Let the set $F \in {\Bbb{R}} ^n$. A $\delta$-cover of F is a countable or finite union of non-empty subsets $U_i \subset {\Bbb{R}}^n$ with diameter $\left\vert U_i \right\vert = \sup \{ \vert x-y\vert: x,y \in U_i \}$ less than $\delta$ which cover F:

F \subset \bigcup_{i=1}^{\infty} U_i.\end{displaymath}

Let $s \ge 0$ then

{\cal H}^s_{\delta} (F) =: \inf \left\{ \sum_{i=1}^{\infty}
 ...vert^s: \{U_i \} \mbox{is} \delta\mbox{--cover of }
F \right\}.\end{displaymath}

If $\delta$ gets smaller the number of allowed covers decreases and the infimum ${\cal H}^s_{\delta} (F)$ increases and has a limit for $\delta \rightarrow 0$:

{\cal H}^s (F) =: \lim_{\delta \rightarrow 0} {\cal H}^s_{\delta} (F),\end{displaymath}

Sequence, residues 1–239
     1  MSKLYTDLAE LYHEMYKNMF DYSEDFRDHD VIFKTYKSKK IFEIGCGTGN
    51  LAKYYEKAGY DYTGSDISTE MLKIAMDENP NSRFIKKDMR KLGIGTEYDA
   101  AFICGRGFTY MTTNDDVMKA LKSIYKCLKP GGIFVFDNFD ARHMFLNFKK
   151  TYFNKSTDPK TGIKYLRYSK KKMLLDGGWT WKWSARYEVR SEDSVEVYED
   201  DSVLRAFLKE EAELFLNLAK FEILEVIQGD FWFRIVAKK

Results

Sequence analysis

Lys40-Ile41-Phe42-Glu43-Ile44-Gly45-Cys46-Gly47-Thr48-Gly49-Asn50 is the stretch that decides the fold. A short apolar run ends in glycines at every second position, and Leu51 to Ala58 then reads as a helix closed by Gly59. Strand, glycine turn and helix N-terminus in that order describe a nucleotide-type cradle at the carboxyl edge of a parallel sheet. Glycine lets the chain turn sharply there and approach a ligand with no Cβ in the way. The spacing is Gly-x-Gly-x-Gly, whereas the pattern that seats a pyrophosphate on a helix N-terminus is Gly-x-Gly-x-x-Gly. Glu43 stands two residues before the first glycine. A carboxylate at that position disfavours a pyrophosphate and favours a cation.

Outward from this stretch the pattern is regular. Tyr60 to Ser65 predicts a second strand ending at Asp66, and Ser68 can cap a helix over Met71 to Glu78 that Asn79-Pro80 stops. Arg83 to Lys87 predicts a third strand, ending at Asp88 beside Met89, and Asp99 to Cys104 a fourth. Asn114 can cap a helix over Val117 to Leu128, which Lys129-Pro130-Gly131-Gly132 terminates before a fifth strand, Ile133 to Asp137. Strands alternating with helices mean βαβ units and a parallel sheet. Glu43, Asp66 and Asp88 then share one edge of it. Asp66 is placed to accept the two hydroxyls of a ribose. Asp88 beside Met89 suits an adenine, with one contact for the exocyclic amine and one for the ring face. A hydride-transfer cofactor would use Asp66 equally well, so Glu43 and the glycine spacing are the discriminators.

This limit exists and is called the Hausdorff measure. If t>s and $\delta <1$ then

 \sum_i \vert U_i\vert^t \le \delta^{t-s} \sum_i \vert U_i\vert^s,

and ${\cal H}^t (F) \equiv 0$ if ${\cal H}^s (F) < \infty$.

So if you explore ${\cal H}^s (F)$ as a function of s there is a jump from $\infty$ to zero at some s which is called the Hausdorff dimension $\dim_H$ of F.

This document was generated using the LaTeX2HTML translator Version 97.1 (release) (July 13th, 1997) Copyright © 1993, 1994, 1995, 1996, 1997, Nikos Drakos, Computer Based Learning Unit, University of Leeds.

From the sci.fractals FAQ: A clear and concise (2 page) write-up of the definition of the Hausdorff-Besicovitch dimension in MS-Word 6.0 format is available in zip format. hausdorff.zip (~26KB) http://www.newciv.org/jhs/hausdorff.zip
Jürgen Dollinger